Realistically, we can’t respond emotionally to every tragedy—otherwise, we would be in a constant state of loss and mourning. Which crises, then, receive our help and attention and which ones do not? When I think about the “causes” and “recovery efforts” that get my attention or financial contributions, quite selfishly, they are things that impact me directly or are “close to home.” I suspect that may be true for many of us. For example, because my husband, John, has Parkinson’s, I put more focus on supporting research to find a cure for PD than other diseases. Because I live in Philadelphia, I can understand why people here may focus more on the Amtrak derailment disaster that killed eight people than on recent earthquakes in Nepal that have killed more than 8,000—the train tragedy happened in our “backyard.”
The geography of one’s “backyard,” however, expands when one has been fortunate enough to travel. Two years ago, my husband and I took a trip to India and Nepal. Before we left for our trip, we asked Andrea Clearfield, a composer who has held a Salon in her Philadelphia home for 28 years featuring contemporary, classical, jazz, electronic, multimedia and world music, if we could bring her anything from Nepal. Andrea has travelled in remote areas of Nepal collecting folk songs that influenced music she composed. We were delighted when she responded, “You can bring me a damaru.” Andrea went on to explain that a damaru was a small, two-headed drum shaped like an hourglass, no more than six inches high and about five inches round. Two small beads are attached to a string that winds around the middle of the instrument. When held in the hand and rolled from side to side, the beads strike the heads of the drum. Andrea said she was in the process of recording a composition and wanted to use a damaru that had broken.
When we arrived in Kathmandu, Nepal, finding a damaru for Andrea became our “mission”—it was a wonderful opportunity to interact with the Nepalese people. We went in and out of stores looking for a damaru until we found one we liked. John took a photo of the woman who sold it to us, and we bought a second one for a son who is a musician. I still remember the idyllic day we spent in Kathmandu, going in and out of little stores, talking with the people and the colorful temple flags flying in the air.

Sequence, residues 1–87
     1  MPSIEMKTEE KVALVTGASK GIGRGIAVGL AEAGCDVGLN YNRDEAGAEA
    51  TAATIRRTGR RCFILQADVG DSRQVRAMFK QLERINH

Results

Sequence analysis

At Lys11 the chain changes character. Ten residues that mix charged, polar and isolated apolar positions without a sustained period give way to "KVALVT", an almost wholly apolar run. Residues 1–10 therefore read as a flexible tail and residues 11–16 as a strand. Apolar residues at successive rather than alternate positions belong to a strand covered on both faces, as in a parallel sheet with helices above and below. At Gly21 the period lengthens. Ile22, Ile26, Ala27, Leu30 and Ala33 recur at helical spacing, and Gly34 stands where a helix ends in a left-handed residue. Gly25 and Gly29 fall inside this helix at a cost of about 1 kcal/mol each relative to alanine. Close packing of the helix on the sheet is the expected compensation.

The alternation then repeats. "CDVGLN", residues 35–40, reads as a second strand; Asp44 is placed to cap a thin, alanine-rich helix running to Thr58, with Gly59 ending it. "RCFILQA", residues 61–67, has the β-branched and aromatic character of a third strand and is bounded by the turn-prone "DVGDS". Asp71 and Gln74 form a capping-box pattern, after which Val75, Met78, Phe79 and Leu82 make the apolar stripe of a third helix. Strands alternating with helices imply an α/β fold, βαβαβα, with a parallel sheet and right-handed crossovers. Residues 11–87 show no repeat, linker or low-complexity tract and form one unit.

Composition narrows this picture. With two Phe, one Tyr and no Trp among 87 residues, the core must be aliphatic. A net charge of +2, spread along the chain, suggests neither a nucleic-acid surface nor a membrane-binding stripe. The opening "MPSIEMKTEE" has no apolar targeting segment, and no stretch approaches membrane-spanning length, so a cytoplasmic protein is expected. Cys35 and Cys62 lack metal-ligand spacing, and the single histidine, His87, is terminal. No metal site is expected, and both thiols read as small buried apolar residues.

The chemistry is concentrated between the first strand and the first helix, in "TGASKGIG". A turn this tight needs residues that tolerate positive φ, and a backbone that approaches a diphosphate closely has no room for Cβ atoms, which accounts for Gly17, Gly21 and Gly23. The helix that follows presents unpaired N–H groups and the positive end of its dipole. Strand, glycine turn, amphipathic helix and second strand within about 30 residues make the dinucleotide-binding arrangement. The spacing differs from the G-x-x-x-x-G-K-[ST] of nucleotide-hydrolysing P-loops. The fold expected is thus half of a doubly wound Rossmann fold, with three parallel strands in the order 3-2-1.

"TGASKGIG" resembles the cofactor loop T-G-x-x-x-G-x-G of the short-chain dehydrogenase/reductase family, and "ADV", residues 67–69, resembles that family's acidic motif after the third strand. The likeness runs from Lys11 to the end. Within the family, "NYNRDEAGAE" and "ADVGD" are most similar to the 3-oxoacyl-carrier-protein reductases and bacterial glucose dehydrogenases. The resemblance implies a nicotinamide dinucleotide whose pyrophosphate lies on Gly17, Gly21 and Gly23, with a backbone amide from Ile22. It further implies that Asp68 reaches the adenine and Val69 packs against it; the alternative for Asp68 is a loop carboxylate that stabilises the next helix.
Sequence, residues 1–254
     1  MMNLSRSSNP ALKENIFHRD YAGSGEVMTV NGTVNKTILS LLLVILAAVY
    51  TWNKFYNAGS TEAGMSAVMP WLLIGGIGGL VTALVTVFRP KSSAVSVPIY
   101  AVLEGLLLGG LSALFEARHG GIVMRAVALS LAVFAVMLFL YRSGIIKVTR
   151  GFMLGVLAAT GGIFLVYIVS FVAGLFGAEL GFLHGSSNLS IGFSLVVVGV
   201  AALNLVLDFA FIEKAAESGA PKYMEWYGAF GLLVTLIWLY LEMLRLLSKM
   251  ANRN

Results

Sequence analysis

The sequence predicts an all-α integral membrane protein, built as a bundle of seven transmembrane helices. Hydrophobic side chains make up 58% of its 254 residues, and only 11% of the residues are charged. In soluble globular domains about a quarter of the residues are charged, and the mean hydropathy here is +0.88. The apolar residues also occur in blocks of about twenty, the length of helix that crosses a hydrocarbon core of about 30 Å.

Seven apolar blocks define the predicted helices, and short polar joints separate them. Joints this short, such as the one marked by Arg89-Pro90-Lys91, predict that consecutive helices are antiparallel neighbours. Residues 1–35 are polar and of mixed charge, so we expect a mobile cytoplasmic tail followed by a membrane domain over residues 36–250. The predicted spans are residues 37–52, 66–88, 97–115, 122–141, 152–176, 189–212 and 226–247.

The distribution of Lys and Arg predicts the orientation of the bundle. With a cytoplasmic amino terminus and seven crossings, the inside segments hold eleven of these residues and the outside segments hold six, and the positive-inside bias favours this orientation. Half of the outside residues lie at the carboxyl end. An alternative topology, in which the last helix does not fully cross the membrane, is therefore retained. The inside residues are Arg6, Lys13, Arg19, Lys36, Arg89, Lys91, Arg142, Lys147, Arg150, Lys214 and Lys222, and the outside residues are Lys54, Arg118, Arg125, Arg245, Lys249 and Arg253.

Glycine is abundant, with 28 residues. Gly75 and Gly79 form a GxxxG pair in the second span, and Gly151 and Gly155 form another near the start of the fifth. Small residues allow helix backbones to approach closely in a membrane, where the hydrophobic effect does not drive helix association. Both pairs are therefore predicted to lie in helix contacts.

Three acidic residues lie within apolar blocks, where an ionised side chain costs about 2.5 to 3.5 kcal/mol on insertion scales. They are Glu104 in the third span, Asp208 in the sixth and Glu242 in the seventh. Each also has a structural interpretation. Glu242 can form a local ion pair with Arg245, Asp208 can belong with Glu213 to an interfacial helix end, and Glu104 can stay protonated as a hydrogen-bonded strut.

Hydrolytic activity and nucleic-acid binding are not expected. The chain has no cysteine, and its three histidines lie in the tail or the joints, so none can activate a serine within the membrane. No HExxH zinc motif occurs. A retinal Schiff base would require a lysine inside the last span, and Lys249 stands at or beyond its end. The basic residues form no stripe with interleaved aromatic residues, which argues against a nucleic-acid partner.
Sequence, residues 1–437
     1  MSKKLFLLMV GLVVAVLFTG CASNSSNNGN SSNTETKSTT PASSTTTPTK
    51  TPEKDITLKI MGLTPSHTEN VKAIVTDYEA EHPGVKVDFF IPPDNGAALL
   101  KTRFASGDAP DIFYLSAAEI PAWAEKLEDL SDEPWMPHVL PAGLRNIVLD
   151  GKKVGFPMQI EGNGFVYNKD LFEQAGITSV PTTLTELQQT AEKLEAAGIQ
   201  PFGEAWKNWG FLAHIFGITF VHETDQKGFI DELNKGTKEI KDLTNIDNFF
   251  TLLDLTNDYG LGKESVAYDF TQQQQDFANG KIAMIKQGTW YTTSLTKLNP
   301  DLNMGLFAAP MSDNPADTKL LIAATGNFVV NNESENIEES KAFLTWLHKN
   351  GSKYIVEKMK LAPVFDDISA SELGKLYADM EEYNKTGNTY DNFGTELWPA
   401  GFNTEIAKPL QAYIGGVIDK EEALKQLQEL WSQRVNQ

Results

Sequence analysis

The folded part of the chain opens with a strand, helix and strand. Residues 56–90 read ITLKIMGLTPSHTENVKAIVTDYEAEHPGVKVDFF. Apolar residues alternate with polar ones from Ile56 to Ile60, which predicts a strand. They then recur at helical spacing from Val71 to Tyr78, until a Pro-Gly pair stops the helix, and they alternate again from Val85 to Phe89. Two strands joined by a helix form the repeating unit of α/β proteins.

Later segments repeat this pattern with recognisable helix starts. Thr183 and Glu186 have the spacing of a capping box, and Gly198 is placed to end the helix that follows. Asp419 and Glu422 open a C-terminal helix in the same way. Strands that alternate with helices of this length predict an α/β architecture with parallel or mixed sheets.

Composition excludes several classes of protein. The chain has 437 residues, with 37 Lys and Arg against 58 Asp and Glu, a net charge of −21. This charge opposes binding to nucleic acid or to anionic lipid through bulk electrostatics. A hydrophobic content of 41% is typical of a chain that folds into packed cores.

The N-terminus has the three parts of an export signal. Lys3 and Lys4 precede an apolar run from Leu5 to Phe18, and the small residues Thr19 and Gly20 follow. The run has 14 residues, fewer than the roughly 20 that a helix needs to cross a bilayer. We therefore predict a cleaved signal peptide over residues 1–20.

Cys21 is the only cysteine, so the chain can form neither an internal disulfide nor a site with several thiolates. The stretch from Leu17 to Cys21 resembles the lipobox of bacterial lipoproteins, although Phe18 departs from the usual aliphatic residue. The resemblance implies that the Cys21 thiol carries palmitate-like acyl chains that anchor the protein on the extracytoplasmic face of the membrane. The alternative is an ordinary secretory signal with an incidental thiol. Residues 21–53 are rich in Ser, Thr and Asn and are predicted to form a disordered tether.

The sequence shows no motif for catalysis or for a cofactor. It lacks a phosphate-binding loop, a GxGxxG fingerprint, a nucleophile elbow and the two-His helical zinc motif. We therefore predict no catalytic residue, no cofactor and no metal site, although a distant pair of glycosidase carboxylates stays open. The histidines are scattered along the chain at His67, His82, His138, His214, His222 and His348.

Then the recent earthquake struck Nepal. Immediately we thought about the people we had met. Was the woman who sold us the damaru still alive? When we attended Andrea Clearfield’s Salon in April, she asked her guests to send prayers and good wishes to the people in Nepal. I had every intention of writing a blog featuring Nepal but a broken wrist made that difficult. I was struck by a cartoon I saw in The New Yorker when I was waiting for physical therapy. A man lay on a couch and said to his therapist, “I am going to have to stop watching the world news—it makes my own problems seem insignificant!”
I thought about Nepal often after the 7.8 magnitude earthquake hit on April 25th. Then another 7.3 earthquake, or aftershock, rocked the country on May 12th, causing even more damage and making relief efforts even more difficult. It reminded me the quote by the author Nicholas Sparks: “Just when you think it can’t get any worse, it can.”
It is difficult to know the best way to support relief efforts in countries halfway around the world. One wonders if a contribution will even reach the country or be used to help people who need it most with their greatest needs. Fortunately, we received an email reminder for Andrea Clearfield’s May Salon and were thrilled to see it included ways people could help Nepal:
Some of you may know that I participated in Tibetan music fieldwork in a remote Nepalese Himalayan region. Many of these villages have been impacted by the quakes. If you are looking for a trustworthy way to help, consider DROKPA nonprofit run by Dartmouth professor, Sienna Craig (with whom I trekked) and her husband Ken Bauer. Checks can be mailed to: Drokpa, c/o Sienna Craig & Ken Bauer, 95 Stowell Rd Norwich, VT 05055. They are in close contact with people from the area and can make sure that the tax deductible donations go directly to families in need. I am also supporting a campaign by Nawang Tsering for his village, Ghiling, which was hit hardest in the region. Click here to learn more. I have been offering lectures on my Tibetan music fieldwork to raise money for Nepal.
I have always preferred to rely on personal networks and people with direct experience when I make donation decisions and am grateful for the information Andrea provided. For those who may want to know of other organizations involved in relief efforts in Nepal, Time’s 6 Ways You Can Give to Nepal Earthquake Relief may help.
Recently, CNN stated that only a fraction of the aid Nepal needs has been committed by the international community. According to the UN office for the Coordination of Humanitarian Affairs, only 14 percent or 59 million of the 423 million requested since the first quake has been received. Many in Nepal are living in makeshift camps or in the streets. To make matters even more urgent, people in Nepal need safe housing before the monsoon season begins in June. I was unaware, until recently, of the second part of the quotation, “Just when you think it can’t get any worse, it can.” It is, “And just when you think it can’t get any better, it can.” Let’s hope through the generosity of individuals and the world community that the second half of this quote holds true for Nepal!
— Christina Robertson